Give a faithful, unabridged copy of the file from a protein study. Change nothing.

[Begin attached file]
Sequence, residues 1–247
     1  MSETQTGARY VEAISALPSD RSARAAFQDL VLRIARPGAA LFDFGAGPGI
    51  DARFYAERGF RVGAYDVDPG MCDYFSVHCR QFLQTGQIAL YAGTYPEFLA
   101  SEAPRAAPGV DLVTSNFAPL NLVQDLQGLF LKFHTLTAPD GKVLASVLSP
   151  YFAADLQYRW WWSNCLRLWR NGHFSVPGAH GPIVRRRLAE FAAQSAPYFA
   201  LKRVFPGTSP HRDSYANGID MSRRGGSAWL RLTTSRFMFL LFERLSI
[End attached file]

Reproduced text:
Sequence, residues 1–247
     1  MSETQTGARY VEAISALPSD RSARAAFQDL VLRIARPGAA LFDFGAGPGI
    51  DARFYAERGF RVGAYDVDPG MCDYFSVHCR QFLQTGQIAL YAGTYPEFLA
   101  SEAPRAAPGV DLVTSNFAPL NLVQDLQGLF LKFHTLTAPD GKVLASVLSP
   151  YFAADLQYRW WWSNCLRLWR NGHFSVPGAH GPIVRRRLAE FAAQSAPYFA
   201  LKRVFPGTSP HRDSYANGID MSRRGGSAWL RLTTSRFMFL LFERLSI